#3 - LEADERSHIP CAPACITY – ENERGY
My definition of energy is less technical than the ones you might find in a physics textbook. For me, energy is the ability to get things done. My concept of energy is about two parts enthusiasm, two parts will power, one part know-how and one part stubbornness. I was reprimanded once for talking about “creating” energy; from a physics perspective that may be a valid argument. But in leadership, creating energy is essential. OK, call it unleashing energy – I won’t quibble over the verbiage. he key concept is that leaders get things done – on their own and through others – and that’s what I want to explore.
Energy – the capacity to get things done – has three important components: 1. the size of our gas tank, 2. the type of fuel we burn, and 3. how we refuel when our tank is empty. Every leader must reflect on these personally and consider how they are cultivated in the next generation of leaders they hope to influence.
Like each arena of leadership capacity, everyone has a different sized gas tank. Some are big and others small. The larger the tank, the longer we can run and the more we are able to accomplish. Knowing the size of our tank is important for our personal planning and mental, emotional and spiritual health. Knowing the size of the tanks of people around us is also important if we want to manage well and develop our followers. Several instruments are available to evaluate our energy capacity and provide helpful insights into the size of our tanks. However, as we reflect on our lives we find patterns that help us gage how far we can go before we need to stop and refill the tank.
Like all capacity issues, stretching ourselves is important. We need to expand our limits as much as possible. But we must also accept the realities of our design and the boundaries of our finite humanity. Life is not a contest to see who can stay at work (or play) the longest. Faithfully applying what we have, stretching our capacity (within reason), and taking breaks as needed is a better indicator of success.
But what is in our tanks? Some of us burn rocket fuel and others run on diesel. My tank is filled with rocket fuel. I blast off, work hard in bursts, and when the fuel is gone I shut down for a while. I have friends who run on diesel. Like the Energizer Bunny they just keep going and going. They don’t go fast but they do go far and make steady progress step by step. Teams need both styles of workers. However, those who run on rocket fuel and those who run on diesel can frustrate each other due to their differing pace. Good leaders know their own style of fuel and build a team that balances and respects the contributions each member provides.
Different-sized tanks and different types of fuel impact how long we can go before we need to be refueled. People refuel in different ways. I facilitated a late-night discussion several years ago between Ken Blanchard and a dozen bright, young, emerging leaders of Christian non-profits. The ninety-minutes came to an end, and I wanted to honor my commitment to conclude on time. As I tried to wrap up the meeting, Ken pushed back wanting to continue, saying that he was having fun and that he was energized by the discussion. Some of us draw energy from interaction with people while others need time alone to be restored.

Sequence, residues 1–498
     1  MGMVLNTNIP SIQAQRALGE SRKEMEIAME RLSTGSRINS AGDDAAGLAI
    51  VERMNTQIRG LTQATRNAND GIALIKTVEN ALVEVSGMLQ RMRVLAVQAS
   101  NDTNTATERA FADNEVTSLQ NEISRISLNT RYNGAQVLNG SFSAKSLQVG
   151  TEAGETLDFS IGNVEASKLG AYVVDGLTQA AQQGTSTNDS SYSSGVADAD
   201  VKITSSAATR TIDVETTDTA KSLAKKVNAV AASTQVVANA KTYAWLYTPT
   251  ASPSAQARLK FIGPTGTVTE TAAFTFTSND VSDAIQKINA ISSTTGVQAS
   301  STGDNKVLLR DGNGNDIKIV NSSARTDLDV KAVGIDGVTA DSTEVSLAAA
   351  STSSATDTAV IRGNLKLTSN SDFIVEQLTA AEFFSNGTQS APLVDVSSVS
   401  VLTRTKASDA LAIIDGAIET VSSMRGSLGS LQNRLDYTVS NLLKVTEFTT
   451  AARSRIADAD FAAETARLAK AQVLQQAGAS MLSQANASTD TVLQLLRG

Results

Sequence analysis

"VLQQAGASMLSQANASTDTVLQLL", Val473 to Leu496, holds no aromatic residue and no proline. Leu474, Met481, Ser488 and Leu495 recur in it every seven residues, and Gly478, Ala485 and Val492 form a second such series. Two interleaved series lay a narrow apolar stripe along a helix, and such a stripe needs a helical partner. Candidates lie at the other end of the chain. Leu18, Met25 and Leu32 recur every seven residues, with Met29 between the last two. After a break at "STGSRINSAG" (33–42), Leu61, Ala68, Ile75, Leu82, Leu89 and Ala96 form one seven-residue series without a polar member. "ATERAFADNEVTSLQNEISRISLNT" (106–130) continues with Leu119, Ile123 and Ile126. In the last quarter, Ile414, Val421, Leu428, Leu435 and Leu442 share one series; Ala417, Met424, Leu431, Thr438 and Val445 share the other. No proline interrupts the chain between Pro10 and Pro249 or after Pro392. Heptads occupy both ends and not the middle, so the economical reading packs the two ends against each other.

On a daily basis we all need sleep, exercise, and food. We generally sleep too little, exercise too little and eat too much. But we all need to find the right balance that works for us. Jesus said that the Sabbath was made for man (Mark 2:27). Our humanity demands that we take a break every seven days. There are times when a crisis requires our attention or an emergency calls for our involvement. Without being legalistic, we need to find a way to step back and refuel once a week. And we need longer breaks as well. The Old Testament required that the children of Israel come to Jerusalem three times a year for week-long festivals, times to be restored mentally, physically and spiritually and times to reconnect with family and friends. Three major breaks a year seems about right to me.
Leaders need to have a good understanding of the size of their gas tank. They also need to know what kind of fuel they burn – rocket fuel, diesel, or some other hybrid that is their own unique blend. Leaders also need to know how to refuel – a round of golf, dinner with friends, a weekend away, time in prayer, travel abroad. Each leader is unique, but each leader is human and has a need for restoration.
I have a bigger than average (but not too huge) gas tank. I burn almost pure rocket fuel, and I refuel by spending time with family and friends, traveling and fishing!
Let me know what you think
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